Wiki's can have own markup language. Unless you are using it on a regular basis it is hard to remember how you posted the last item. More benefit from regular use. Because of the user interface is quite restricted to IT literate staff.

Information Architecture and structure. If something is growing organically, how to you control the usability. W3C have a notion that a "Wiki needs a gardener". Users put content in but useful to have someone responsible for shaping the structure of it.


Wiki's are good for collaboration, brainstorming, quick capturing of information for specific purposes.

On the threshold of being useful in other areas such as teaching and learning but at the moment seems quite overwhelming in the variety of offerings and usability even to IT staff.


Not entirely clear what a Wiki is? For example is Sharepoint like a Wiki? It is used for collaborative projects where you can share documents and have discussion.

Simple definition is a web page you can write to. A communal notebook Anyone can put content there. If it is rubbish then it tends to correct corrected. Fear is that content will get rubbished. In practice that doesn't seem to happen. There are now directory structures in a Wiki, just linked pages.

How do Wiki's relate to other technologies? e.b. blogging, CMS

Some experience that content is "locked up" within the Wiki and can't be as easily reused.

The media is very internal. Presentation isn't that sophisticated. Good for easily getting entry in, are there tools for publishing sections more formally. Some wiki tools allow you to export content. Some Wikis have RSS feeds which will allow content reuse.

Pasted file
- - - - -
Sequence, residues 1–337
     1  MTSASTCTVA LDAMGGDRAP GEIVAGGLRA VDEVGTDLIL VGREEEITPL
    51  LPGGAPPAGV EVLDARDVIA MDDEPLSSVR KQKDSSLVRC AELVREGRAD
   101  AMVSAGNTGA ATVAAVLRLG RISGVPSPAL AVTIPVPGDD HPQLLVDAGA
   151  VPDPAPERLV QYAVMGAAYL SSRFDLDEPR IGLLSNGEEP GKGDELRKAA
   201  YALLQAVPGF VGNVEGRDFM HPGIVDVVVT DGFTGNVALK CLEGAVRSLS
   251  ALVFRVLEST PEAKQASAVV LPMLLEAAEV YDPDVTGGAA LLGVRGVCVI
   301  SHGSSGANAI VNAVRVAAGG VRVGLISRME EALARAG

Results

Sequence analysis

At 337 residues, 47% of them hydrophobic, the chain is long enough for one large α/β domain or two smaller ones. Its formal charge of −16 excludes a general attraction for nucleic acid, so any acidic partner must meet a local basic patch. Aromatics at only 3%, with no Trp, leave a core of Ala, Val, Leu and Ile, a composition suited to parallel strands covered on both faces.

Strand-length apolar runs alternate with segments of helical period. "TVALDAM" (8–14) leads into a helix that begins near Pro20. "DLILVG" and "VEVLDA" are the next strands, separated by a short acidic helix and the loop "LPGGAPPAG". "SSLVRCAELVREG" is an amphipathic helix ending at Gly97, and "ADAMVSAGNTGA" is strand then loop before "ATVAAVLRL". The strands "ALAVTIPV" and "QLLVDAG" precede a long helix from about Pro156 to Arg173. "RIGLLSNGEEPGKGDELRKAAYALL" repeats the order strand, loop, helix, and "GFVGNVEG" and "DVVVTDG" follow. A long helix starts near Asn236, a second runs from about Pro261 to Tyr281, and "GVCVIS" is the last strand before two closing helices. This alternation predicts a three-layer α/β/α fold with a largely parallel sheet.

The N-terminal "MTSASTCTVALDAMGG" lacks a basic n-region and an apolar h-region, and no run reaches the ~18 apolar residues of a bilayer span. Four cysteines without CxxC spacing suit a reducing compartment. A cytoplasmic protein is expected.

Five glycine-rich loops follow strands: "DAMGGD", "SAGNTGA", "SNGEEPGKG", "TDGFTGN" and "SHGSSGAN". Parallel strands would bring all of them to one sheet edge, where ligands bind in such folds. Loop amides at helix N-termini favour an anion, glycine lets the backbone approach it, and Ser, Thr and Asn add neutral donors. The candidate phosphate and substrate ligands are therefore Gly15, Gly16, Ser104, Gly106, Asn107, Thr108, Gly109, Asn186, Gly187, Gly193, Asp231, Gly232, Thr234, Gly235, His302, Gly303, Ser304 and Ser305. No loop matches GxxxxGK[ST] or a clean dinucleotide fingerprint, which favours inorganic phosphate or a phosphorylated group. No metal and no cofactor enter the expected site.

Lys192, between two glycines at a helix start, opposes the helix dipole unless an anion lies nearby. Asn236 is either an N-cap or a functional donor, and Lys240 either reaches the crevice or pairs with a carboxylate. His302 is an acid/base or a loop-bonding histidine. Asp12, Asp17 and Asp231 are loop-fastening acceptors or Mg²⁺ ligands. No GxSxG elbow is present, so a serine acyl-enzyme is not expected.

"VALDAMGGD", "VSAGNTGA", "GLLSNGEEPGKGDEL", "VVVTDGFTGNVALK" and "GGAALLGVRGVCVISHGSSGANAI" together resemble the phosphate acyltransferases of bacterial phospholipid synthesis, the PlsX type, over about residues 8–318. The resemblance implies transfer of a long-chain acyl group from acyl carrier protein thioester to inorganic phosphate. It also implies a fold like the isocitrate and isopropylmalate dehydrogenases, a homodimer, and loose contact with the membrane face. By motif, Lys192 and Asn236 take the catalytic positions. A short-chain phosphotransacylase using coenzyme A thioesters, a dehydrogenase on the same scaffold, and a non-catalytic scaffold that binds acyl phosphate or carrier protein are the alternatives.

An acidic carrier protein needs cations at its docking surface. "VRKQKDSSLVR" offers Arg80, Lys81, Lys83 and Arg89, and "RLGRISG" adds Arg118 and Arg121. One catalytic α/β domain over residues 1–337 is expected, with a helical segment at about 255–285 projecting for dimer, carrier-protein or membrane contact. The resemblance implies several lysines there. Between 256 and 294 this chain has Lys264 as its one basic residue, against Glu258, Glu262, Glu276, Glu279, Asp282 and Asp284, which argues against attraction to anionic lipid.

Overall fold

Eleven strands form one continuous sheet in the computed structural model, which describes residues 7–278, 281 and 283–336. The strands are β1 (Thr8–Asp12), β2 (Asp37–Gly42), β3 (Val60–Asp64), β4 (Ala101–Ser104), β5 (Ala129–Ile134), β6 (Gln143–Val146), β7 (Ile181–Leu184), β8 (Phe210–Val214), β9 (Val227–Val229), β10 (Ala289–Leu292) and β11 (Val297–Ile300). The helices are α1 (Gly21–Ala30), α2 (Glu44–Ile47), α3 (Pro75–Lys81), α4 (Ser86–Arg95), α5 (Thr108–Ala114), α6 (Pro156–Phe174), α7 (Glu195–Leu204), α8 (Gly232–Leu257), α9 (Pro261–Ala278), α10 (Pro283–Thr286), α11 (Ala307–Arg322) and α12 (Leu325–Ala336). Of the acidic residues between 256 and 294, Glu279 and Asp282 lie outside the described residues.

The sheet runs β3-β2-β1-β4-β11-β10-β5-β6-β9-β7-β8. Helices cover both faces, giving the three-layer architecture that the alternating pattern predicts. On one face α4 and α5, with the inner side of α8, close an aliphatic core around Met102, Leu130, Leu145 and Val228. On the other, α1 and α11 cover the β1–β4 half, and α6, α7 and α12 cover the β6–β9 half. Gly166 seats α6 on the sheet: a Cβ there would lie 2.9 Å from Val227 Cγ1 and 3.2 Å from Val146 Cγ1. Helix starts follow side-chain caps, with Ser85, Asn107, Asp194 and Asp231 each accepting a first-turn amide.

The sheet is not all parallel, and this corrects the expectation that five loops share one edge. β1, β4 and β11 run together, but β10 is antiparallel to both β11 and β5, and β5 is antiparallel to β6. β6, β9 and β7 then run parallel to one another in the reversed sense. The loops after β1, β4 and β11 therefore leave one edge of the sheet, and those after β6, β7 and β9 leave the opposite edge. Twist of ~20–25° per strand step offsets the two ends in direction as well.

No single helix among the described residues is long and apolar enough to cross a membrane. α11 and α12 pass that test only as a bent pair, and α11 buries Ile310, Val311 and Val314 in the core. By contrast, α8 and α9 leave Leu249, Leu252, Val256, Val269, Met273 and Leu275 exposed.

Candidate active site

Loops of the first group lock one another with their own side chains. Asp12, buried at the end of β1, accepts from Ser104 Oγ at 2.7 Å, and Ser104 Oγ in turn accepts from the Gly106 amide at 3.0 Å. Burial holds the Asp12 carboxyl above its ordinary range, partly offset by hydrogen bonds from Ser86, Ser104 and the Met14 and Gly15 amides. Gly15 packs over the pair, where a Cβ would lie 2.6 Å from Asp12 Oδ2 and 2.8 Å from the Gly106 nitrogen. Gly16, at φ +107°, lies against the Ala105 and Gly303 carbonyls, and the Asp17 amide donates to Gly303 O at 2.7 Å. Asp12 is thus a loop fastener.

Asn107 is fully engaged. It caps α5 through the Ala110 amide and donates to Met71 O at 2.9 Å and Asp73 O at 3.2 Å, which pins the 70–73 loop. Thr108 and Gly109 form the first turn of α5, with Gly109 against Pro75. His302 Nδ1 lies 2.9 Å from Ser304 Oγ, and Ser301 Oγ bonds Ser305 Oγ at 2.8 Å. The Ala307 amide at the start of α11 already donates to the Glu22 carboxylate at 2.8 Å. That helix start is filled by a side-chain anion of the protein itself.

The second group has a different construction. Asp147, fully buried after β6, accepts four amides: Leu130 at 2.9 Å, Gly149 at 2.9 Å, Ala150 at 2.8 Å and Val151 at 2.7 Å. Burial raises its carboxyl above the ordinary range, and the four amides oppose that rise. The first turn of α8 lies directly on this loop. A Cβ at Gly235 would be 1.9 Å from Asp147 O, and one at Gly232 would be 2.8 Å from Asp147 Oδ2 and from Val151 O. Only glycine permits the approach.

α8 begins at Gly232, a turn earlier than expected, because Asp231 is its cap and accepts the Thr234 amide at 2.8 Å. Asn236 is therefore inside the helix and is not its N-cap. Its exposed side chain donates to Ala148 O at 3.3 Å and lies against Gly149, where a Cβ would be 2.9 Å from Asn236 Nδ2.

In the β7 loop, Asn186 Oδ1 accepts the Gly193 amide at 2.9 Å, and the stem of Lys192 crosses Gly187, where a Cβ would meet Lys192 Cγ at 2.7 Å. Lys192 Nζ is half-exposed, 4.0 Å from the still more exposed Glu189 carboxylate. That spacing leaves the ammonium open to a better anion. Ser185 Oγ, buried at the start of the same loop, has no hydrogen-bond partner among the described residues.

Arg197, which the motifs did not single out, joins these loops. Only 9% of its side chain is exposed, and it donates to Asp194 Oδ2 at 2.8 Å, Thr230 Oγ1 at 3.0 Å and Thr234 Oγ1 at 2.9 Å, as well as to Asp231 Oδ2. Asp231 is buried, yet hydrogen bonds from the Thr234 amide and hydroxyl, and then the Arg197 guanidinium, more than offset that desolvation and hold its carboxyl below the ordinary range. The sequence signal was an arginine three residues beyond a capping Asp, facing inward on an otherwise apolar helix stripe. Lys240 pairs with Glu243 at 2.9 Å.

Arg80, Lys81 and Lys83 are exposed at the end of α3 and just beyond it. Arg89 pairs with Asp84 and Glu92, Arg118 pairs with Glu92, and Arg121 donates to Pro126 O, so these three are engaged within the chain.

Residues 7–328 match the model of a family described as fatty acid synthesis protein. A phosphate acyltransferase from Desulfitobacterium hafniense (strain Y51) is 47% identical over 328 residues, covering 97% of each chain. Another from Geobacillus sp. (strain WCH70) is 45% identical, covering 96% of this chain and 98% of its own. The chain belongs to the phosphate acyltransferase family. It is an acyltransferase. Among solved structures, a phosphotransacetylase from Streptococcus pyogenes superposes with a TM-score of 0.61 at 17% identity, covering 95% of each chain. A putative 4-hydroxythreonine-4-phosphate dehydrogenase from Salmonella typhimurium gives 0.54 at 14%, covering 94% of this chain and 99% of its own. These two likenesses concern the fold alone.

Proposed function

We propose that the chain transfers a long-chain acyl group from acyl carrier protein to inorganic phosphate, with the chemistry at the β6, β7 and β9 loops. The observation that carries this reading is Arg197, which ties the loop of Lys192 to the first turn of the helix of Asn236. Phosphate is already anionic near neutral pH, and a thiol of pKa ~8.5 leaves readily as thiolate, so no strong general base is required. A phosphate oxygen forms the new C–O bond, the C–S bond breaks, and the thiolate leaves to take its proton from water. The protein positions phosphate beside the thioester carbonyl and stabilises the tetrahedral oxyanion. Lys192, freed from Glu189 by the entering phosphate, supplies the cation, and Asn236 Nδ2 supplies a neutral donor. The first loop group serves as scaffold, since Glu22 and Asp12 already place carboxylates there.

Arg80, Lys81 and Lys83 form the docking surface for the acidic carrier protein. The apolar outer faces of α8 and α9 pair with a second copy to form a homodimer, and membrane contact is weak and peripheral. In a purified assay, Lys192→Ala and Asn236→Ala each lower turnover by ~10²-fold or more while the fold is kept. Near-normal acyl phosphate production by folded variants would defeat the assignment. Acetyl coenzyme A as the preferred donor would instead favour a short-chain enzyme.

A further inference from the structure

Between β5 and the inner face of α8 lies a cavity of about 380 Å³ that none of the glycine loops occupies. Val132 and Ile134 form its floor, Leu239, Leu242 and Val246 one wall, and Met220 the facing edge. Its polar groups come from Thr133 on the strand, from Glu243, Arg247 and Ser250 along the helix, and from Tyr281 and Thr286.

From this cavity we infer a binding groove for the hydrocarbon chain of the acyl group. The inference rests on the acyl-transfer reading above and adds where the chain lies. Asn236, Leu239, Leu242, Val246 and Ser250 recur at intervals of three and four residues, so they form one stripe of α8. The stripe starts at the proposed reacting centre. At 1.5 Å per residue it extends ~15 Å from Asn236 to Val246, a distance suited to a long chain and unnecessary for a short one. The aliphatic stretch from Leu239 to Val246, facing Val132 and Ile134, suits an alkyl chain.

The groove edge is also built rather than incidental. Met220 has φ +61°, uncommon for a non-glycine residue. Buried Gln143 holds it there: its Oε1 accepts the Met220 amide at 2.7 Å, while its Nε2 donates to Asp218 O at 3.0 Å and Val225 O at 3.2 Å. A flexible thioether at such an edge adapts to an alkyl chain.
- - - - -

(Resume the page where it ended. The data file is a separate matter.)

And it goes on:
What approaches to selection and deployment do you envisage?

Another institution has tried 6 different varieties. currently using 4 whilst try to find one that meets all needs. Some are better at easily producing content but they don't have such good access control. Don't want to restrict anyone but do want to know who is saying things.

Some easy to set up, some cryptic. The better ones are often more cryptic. Main difference is in how they look which is the least significant area of functionality. some of them do require knowledge of a different markup language. Some are WYSIWYG and therefore easy to use. Some allow you to specifiy access control lists, one allows links to external logins but that proved to be poor on content management. There is a growing proliferation of Wiki's and difficult to use. Best way to pick one will be find a site you like and use that engine.

AUP and Training?

Unacceptable use is more public than in other areas for a certain amount of time until that is changed by another user.

Data protection. Easy for information to creep in that shouldn't.

Has an anarchic element to it so it may be quite difficult to define acceptable use due to the nature of it. Without being able to track users how can you apply an AUP. There may be difficulties where there is a difference of opinion over what is right which is harder to set policy on than something that is overtly offensive.

Quite a lot of wikis have a discussion page associated with the public page so lots of the fighting can go on 'behind the scenes'.

This could be a valuable thing to watch for. More changes may indicate the hot areas for debate.

For institutions there may be concerns about the image they present. There is nothing to stop users setting up semi-offical wikis.

Should we be promoting/providing Wikis?

Yes. There could be real benefit and exciting possibilities in every area of institutional activities: teaching&learning, research, administration and user support. We need to get in there first and understand what users need and what they might do. We also need first make better use of wikis ourselves so we can full understand them and consider how we can then deploy them in an easy to use and manageable service.

AlisonPope (UCISA)